“There is massive uncertainty over Europe,” he said. “We need to be in Europe because we need that market. We need to explain to everyone who votes [in a future referendum] that the EU has such a link with jobs in the UK. It could be a disaster if we came out. My worry is that we are not talking enough about the effect on jobs.”
The Five Rs. You won’t find them — yet — in a classic business school manual, but it is how one of Britain’s younger manufacturing leaders is getting his workers to think about their skills and how they want to use them.
Rowan Crozier is chief executive of Brandauer, a 152-year-old, sixth generation family business based in the Midlands specialising in tooling and stamping. It exports 75 per cent of its £8million a year turnover, mostly to non-European markets, although one of its marquee projects was supplying components for the Large Hadron Collider in Switzerland.
“Innovation is the key to what we do, investing in new kit and, more importantly, investing in finding new people,” Mr Crozier said.
“Innovation is also about how we train people. We have what we call the Five Rs — recruitment, retention, resources, requirement and remuneration — and we have got the whole factory thinking about how we want to address them.
“We are not suffering from a lack of resource but a lack of skills. We have brought in pre-trained people, we have trained our own, upskilled people we have brought in, taken on apprentices, engaged with universities in KTP [knowledge transfer partnerships] and maintained the skills we already have. “The correlation between skills and productivity is 100 per cent; 90 per cent of my time is taken up with people on issues around our Five Rs.”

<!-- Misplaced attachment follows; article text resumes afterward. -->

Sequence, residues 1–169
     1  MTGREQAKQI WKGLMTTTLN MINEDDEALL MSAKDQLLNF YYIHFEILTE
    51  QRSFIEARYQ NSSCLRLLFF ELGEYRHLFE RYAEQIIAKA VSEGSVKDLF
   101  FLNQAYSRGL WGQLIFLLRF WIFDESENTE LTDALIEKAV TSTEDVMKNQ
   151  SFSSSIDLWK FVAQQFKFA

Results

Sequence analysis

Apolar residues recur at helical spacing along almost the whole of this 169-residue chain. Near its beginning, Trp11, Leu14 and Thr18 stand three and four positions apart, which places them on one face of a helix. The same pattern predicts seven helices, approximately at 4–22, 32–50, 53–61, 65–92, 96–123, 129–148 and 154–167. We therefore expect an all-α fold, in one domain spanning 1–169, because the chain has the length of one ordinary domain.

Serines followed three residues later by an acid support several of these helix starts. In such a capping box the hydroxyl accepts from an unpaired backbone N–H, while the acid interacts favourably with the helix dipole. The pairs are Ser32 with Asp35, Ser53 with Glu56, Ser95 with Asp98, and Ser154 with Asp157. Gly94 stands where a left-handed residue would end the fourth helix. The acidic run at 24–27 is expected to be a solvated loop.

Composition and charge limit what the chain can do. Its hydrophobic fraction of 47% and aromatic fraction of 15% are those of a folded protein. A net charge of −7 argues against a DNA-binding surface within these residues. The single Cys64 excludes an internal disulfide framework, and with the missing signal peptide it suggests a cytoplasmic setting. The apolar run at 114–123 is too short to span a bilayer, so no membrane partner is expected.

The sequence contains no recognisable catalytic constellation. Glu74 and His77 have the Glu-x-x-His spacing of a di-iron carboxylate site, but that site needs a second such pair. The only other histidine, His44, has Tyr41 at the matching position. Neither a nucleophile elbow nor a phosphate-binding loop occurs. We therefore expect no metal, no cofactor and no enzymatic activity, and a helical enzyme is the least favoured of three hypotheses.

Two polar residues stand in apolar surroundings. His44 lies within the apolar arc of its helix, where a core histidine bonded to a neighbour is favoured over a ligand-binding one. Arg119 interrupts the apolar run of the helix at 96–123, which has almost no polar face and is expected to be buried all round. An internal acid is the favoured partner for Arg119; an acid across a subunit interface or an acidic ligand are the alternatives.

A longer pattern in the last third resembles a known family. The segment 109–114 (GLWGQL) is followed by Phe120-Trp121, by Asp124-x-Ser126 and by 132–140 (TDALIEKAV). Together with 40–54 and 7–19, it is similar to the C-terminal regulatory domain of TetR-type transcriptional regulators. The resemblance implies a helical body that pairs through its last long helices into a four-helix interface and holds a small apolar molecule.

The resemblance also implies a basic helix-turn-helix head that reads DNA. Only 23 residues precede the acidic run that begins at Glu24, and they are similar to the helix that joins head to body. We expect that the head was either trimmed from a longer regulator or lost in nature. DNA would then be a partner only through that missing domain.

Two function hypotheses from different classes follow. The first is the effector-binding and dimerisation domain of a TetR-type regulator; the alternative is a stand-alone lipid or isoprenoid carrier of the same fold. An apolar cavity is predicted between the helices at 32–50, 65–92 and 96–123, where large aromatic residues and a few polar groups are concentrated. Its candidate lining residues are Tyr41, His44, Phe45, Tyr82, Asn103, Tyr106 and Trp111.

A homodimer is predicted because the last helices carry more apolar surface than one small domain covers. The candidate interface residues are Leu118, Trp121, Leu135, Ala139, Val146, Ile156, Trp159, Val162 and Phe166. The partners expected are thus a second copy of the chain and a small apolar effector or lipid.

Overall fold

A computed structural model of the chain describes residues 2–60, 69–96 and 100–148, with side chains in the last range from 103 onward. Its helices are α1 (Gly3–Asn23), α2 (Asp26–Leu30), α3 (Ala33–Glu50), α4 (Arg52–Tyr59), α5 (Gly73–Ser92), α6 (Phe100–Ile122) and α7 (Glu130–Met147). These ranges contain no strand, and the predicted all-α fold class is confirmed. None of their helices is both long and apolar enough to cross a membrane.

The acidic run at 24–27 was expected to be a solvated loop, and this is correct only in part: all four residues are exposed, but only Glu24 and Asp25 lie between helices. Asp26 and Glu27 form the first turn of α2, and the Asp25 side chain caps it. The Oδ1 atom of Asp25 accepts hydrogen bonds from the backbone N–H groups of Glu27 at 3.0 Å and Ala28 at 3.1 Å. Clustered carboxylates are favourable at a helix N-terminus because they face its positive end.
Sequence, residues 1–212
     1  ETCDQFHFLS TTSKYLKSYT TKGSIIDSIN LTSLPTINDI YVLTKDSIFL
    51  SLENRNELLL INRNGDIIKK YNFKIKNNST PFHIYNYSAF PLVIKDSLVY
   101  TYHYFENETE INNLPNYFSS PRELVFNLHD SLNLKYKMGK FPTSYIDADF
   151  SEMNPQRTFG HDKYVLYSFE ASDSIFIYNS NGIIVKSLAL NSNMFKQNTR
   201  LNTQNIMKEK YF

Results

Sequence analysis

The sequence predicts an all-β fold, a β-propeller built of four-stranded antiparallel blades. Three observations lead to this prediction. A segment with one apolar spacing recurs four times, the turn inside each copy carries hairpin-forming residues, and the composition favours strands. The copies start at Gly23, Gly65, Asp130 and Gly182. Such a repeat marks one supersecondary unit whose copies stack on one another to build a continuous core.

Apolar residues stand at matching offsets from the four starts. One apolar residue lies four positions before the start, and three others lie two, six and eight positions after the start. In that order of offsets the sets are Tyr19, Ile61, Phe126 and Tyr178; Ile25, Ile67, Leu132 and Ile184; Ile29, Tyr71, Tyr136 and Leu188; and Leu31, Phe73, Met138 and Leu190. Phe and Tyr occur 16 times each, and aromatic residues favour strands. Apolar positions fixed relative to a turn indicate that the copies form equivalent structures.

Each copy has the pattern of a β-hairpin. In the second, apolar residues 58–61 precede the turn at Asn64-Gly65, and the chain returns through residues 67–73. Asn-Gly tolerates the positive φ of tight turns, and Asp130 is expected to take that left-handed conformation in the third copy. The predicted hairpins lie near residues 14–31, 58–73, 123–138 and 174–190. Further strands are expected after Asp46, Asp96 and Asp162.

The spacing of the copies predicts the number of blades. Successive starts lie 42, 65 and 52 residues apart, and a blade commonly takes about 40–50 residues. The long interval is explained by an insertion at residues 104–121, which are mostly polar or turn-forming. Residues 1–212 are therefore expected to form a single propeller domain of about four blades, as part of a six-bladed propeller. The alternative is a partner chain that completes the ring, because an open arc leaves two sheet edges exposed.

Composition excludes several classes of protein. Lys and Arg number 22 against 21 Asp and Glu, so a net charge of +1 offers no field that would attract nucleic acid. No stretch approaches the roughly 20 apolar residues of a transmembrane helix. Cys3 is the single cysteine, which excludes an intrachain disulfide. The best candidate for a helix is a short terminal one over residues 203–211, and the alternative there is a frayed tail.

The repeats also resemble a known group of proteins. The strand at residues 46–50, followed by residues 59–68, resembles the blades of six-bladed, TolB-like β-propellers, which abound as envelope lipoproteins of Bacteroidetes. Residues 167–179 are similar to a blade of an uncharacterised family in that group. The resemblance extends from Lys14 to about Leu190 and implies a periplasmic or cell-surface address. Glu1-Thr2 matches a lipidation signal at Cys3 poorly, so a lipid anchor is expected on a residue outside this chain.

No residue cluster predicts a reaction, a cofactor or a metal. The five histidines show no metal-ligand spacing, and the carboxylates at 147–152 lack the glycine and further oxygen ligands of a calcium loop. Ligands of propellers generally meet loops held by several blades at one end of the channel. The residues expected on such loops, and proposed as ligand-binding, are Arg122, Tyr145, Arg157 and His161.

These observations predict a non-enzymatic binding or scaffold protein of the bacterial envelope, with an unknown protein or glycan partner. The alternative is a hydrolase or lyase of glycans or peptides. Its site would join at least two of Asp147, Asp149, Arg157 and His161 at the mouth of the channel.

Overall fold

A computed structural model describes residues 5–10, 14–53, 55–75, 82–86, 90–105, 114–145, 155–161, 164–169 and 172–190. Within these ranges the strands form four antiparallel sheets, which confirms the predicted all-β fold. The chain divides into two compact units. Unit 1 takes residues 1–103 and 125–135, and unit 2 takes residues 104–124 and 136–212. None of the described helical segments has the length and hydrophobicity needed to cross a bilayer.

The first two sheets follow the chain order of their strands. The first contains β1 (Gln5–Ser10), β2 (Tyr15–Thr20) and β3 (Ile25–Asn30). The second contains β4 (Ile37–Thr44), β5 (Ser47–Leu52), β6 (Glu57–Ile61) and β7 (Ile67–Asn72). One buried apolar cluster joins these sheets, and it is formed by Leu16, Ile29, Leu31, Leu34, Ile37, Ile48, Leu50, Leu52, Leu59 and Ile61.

Dr Carl Perrin, director of the Institute for Advanced Manufacturing and Engineering, believes that if innovation is about having the right people with the right skills, then it is particularly difficult for smaller businesses because they struggle to find or even afford, for example, automation or programming engineers. The solution, he says, is to visit schools and tell students the story of advanced manufacturing in the UK.
“Students sometimes don’t even know what manufacturing is. But the way to convert them is to make them see that they could be using and training on robots, and that it is not about spanners and bolts,” he said.
Mr Crozier says learning how to nurture apprentices is key. “Apprentices’ ambitions have changed. Pigeonhole them and they won’t like it,” he said.
“Traditionally, people come in knowing what trade they are going into. Now they don’t want to stand at a grinding wheel all day long. People want to be multi-skilled, want to do different things. That is a positive. It gives more flexibility in a business that employs 50 or 60. People have changed and we have to change with the times.”
David Wright, head of manufacturing at Innovate UK, the government’s technology agency, believes that manufacturers can be their own worst enemies by not making a concerted effort to get into schools. “We are part of the problem because we haven’t got the message across. But it is an important issue — it must be, because it keeps coming up wherever we go.”
The importance of successful small businesses in growing UK exports was made clear by Deirdre Fox, of Tata Steel, at The Times round-table event.
“For exports to really take off, we need a strong SME sector,” she said.
“The average number of people employed in small and medium-sized engineering and manufacturing companies in the UK is 30; in Germany, it is about 130, making their SME sector more robust.”
Ms Fox, director of strategic business development for Europe’s second largest steel producer, said that strong engineering SMEs are essential to her company because they form its customer base. But while they are vital to Tata, they must also play their own part in increasing UK exports.
Many thousands of the four million SMEs in Britain are already doing just that and many more are determined to follow them, especially as the Forum of Private Business says that the economic outlook in the UK “remains uncertain” for its members.
James Greenham, managing director of EMS Physio, the Oxfordshire based makers of physiotherapy equipment, said: “We have to export if we are going to grow because the UK market has been flat for the last five years, largely because the NHS, our biggest UK customer, has no money to spend on replacement equipment.